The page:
‘The fair allocation of private goods’ in higher education is a fiction. It is unachievable. Unless—as often happens—fairness is watered down so as to judge as fair whatever unequal result is thrown up by competition. In the same manner we judge the outcome of a sporting contest post hoc as ‘fair’, when we really mean ‘an accomplished fact’. This brutish notion of fairness mostly prevails in higher education.
Competition is always better at creating private goods than public goods. Advocates of equity in higher education spend too much energy trying to create fair competition, which is impossible. It is the competitive order itself that should be tackled, particularly the way status differentials in higher education, feeding the continuous jousting, undermine the commons.
In the absence of a whole of society tradition like Confucianism, we locate ‘public’ in higher education and elsewhere in an imaginary space regulated by the nation-state. Collective democratic forms are aligned to the legal boundaries of sovereign nations. Hence terms like ‘public sector’, ‘public interest’, the ‘public service’, ‘democratic public education’ and so on. When we use the term ‘public’ here we mean not just the collective interest, but the nation. The public good is what we expect the nation to do, on a good day at least.
But ‘good’ does not stop at the border. The world is interdependent. Problems of ecology, food, water, energy and epidemic disease, not to mention financial flows and global inequality, ram home that message daily. Knowledge, our stock in trade, moves freely shared across national borders to the ends of the Earth without regard for states.
We need to define, discuss and regulate the common and collective global public good—in higher education and other sectors. But our inherited idea of ‘public’ needs to be fastened onto a state. And there is no global state.
We must break our imagined dependence on states as the source of the collective, of global public goods. Because knowledge lends itself to global flows, in a knowledge-intensive age, research universities have already become important creators of global goods—though this is under-recognised. There is collaborative research on global problems: climate change, water, food, epidemic disease.
How might we advance the creation of global public goods in and through higher education? Let us first identify the challenges. The larger enemy of the public good and public sphere is not the economic market, but the status hierarchy. Global rankings have caught all universities, all over the world, in the same status incentive trap.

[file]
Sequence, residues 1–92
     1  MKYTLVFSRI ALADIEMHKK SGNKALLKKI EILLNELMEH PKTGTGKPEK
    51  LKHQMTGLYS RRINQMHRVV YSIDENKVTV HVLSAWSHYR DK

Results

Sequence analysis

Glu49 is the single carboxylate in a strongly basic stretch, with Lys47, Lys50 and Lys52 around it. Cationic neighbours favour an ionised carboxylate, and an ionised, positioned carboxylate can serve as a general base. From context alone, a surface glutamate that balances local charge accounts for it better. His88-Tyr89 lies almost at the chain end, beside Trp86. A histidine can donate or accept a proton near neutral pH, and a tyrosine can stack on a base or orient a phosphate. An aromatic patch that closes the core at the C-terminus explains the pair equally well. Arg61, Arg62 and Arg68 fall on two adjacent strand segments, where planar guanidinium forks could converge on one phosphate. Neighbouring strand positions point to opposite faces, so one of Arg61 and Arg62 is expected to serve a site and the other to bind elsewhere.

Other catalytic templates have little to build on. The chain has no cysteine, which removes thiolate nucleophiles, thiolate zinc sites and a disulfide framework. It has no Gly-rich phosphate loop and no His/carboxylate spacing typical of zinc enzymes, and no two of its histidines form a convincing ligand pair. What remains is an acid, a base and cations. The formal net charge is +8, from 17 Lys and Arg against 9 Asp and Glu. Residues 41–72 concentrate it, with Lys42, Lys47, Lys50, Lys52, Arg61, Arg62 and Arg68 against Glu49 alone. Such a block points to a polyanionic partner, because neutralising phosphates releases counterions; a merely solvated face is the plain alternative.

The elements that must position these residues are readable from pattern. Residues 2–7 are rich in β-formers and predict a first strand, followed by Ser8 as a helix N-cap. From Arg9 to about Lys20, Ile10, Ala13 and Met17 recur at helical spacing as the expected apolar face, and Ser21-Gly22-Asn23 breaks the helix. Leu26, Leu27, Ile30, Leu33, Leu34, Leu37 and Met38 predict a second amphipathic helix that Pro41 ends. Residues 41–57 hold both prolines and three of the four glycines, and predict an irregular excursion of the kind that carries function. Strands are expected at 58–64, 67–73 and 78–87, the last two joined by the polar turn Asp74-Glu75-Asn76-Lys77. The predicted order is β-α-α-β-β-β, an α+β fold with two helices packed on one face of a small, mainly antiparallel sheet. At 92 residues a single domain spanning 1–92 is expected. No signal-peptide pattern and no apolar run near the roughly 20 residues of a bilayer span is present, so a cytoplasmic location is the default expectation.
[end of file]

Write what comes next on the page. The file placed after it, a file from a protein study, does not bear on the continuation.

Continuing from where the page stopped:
Status competition plays out not only between universities but between national systems, ranking them vertically on the world scale and confirming the dominance of the comprehensive Anglo-American science university. It narrows the diversity of knowledge that secures global value, through which public goods are created. Global public knowledge goods in English rate. Global public knowledge goods in Hungarian are off the page.
We need to evolve a new imaginary of higher education, alongside the economic market, status competition, and networks and flows. The global public goods ideal. Global public good must be grounded in a vision which secures consent, shapes mentalities and governs practices. An aspiration for the university that connects to the knowledge-bearing functions, especially research and public information, while grounded in local, national and cross-border constituencies.
This suggests a post-national approach to creating global public goods. The global public space lies mostly outside direct governance, in collaborative networks, NGOs, cyber-space. Here higher education is helping to build global society. We need to break out of the iron-bound national-level struggles over public good and private interest in higher education.
It means not abandoning the nation, but positioning it in something larger. If nations and their cultures want to shape global society, they must become global to do it. Some will say it is a tall order to expect universities to behave this way. But that is a symptom of the malaise. Not a sign it is impossible to overcome.
Universities have lost rationale, and need to reground themselves in the social. They will need to find the way to visibly create global public goods, if they are not to follow the Tudor Monasteries.
This Foundation Essay is part of a series of articles to mark the launch of The Conversation. Others in the series are:
Better connecting the university to the public debate by Glyn Davis
When the science is so clear, why is the argument so clouded? By Ross Garnaut
A better formula for science communication By Peter Doherty
What’s the point of universities? It’s the ideas, stupid By Patrick McCaughey
The science of reporting climate change By Brian McNair